I met a young artist named Em last night at a bar in Winston-Salem. We both described ourselves as creative types, and we both noted a disparity between reality and what my grad school professor liked to call “the aspirational self” (i.e. the ideal, yet unattainable, version of you who is forever flipping you the bird from her pedestal in the sky).
“When you’re always creating and thinking and driven by passion, there’s this self-inflicted pressure to be great,” Em said. “You just know you could do great things.”
“I know exactly what you mean,” I replied, wondering whether or not I could call myself a real writer because, well, isn’t copywriting working for “the man” and not for the greater good or for truth and beauty and justice? “It’s like you always know you could be great, but you have to be extremely self-disciplined to get there, and most people don’t get there.”
This is called arrogance, and it’s an epidemic in the creative world. Scratch that—in the human world. Even if you admit that you’re far from being “one of the greats,” you still think you could be great—you should be great—and that, friends, is what your freshman English professor called “hubris.” You might not think you have it, but you do. It’s the little monster under your bed that likes to disguise itself as humility.
Anyway, back to me. This conversation had me feeling a little bad about myself. I lamented the fact that I’m not one of those writers who wakes up at dawn to work on her novel and devours essays from The New Yorker during her lunch break. I am a writer who wakes up late, spends the day writing about undergarments and cake flavors, and comes home to skim gossip magazines. Truth be told, I am a disgrace.
“I’m not even sure what a writer looks like,” my new friend admitted.
Hmm. What does a writer look like? The archetypal writer? The 21st century, tech-savvy writer? The queer writer? The technical writer? The sober writer?
Then it hit me: I am who I am not because of what I have to show for it, but because of who I am. I am a writer. Period. (Or, better yet, exclamation point!)
I am plenty of other things, too. I am a daughter, a cousin, an aunt, and a friend. I am a female and a feminist. I am queer, quirky, and sometimes quiet. Whether or not I look like these things doesn’t change the fact that I am.
Here’s my point: who you are is going to manifest in a million different ways, and none of these ways is better than the other. Furthermore, you have no way of knowing how all these spectacular little aspects of YOU will express themselves.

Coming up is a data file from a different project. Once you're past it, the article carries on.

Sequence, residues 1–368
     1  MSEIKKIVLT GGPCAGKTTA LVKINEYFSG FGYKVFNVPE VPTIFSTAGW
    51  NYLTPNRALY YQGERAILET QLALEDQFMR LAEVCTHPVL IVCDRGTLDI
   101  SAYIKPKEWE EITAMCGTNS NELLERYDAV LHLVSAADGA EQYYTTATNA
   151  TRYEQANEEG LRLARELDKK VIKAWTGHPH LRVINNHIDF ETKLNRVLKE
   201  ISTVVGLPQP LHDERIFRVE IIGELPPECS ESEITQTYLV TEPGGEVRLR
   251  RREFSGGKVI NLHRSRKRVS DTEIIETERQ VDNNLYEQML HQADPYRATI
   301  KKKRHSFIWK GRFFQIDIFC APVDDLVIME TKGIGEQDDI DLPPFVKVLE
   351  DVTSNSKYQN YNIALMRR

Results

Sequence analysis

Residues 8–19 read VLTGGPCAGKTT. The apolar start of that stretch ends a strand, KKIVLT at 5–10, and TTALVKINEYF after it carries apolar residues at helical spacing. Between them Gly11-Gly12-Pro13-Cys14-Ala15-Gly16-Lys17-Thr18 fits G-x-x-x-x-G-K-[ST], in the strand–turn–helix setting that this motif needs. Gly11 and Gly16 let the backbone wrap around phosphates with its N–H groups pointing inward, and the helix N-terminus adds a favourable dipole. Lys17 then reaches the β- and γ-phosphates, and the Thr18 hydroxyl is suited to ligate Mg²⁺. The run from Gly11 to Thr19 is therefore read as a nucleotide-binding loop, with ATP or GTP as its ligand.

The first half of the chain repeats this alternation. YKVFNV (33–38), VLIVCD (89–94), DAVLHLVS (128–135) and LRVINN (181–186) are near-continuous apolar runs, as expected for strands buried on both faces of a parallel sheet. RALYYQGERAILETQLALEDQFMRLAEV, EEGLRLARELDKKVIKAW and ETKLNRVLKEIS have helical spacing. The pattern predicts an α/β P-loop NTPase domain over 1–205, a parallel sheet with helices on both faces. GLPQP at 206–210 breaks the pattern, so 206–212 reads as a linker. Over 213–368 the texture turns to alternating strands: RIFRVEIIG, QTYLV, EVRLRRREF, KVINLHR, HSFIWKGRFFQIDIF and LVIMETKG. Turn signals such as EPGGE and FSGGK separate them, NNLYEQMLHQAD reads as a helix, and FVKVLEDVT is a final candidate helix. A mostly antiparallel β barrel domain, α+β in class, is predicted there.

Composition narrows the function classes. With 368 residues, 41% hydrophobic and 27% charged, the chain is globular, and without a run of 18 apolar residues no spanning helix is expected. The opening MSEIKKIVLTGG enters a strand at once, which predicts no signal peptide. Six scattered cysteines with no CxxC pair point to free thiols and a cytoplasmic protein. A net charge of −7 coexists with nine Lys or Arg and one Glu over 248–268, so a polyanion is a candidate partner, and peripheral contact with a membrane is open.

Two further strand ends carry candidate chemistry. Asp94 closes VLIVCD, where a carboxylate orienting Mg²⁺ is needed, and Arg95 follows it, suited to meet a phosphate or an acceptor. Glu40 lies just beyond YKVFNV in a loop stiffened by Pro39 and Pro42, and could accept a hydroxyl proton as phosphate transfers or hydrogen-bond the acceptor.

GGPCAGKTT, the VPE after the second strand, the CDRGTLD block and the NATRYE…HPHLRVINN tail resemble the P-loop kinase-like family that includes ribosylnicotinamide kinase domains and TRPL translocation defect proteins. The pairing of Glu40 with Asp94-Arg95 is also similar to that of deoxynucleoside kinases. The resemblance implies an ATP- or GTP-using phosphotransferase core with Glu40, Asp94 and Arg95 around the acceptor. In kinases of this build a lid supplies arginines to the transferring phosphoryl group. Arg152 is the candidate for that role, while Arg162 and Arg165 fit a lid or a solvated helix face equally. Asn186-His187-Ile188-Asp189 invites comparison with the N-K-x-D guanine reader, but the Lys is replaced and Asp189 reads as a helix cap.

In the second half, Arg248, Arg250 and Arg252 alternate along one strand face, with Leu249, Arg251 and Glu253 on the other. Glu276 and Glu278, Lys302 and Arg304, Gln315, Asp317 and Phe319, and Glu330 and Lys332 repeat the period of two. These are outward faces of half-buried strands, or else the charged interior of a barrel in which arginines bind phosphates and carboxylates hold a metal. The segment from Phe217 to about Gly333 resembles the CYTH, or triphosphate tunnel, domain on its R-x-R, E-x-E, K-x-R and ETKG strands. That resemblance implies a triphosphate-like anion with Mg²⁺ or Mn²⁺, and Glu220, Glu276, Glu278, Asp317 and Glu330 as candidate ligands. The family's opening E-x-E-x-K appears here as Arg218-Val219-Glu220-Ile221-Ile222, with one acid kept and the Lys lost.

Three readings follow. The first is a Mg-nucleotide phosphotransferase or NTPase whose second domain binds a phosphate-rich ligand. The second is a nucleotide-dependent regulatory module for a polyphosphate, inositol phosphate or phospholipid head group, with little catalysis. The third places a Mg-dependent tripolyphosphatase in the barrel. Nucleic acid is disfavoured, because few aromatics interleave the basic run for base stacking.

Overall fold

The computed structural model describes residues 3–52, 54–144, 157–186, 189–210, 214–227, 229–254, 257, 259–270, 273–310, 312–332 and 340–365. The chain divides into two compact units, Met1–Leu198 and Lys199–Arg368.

This doesn’t mean you won’t have to work hard to succeed. You will. There will be times when you feel like throwing in the towel, but as long as that little ember of passion still burns within you, keep going. If you think you’ve lost that little ember, do everything you can to get it back.
That means something different for everyone. You might fall in love. Fall out of love. Travel. Hunker down and read a few good books. Volunteer. Hike. Conduct an anthropological study. Dance. Just do something and, if you’re lucky, you’ll end up doing what you truly love to do.
I never thought I would love the ad world. There are countless things I never thought I would do, or feel, or say, and I’ve done, felt, and said all of them. I’m sure this will continue to happen until the day I die, because I don’t really know myself. The closest I can come to knowing myself is to become aware of that tiny burning lifespark in my gut.
I was a Literature major at UNCA with a minor in Mass Communication. I wrote articles and essays and interned with a local magazine and agonized over what I would do with my degree. (Here’s some more unsolicited advice: do not agonize. It won’t do you any good. Study what you love, and that will carry you through. I won’t say anything trite like “things will fall into place,” because no one can promise that. But your passion can sustain you, if you sustain your passion.)
Two years after graduating from UNCA, I received an MFA in Writing from the Savannah College of Art and Design. I wrote lots of nonfiction essays and long-form journalistic pieces and magazine articles. I wanted an editorial job. I agonized.
A friend told me to check out a few ad agencies in Winston-Salem, my hometown. I begrudgingly followed through and told each interviewee the honest-to-goodness truth: I knew next to nothing about advertising, I didn’t have any copywriting content in my portfolio, but I did love to tell stories that might resonate with people. I started my job at Wildfire few weeks later.
If you had told me four years ago—or four months ago—that I would be working in advertising after school, I would have laughed. Or shuddered. But, what do you know, it’s fun, and rewarding, and it has me writing and thinking, day in and day out. Sure, I might change career paths down the road, but I’m stoked to be doing what I’m doing right now.
Let go of that aspirational figment, especially if it makes you feel crummy about yourself. Let go of feeling like you have to carve out the perfect self, or the perfect path. Let go of the invulnerability you think you have when you think you know everything. If you’re open to them, unexpected opportunities will find you. Take them.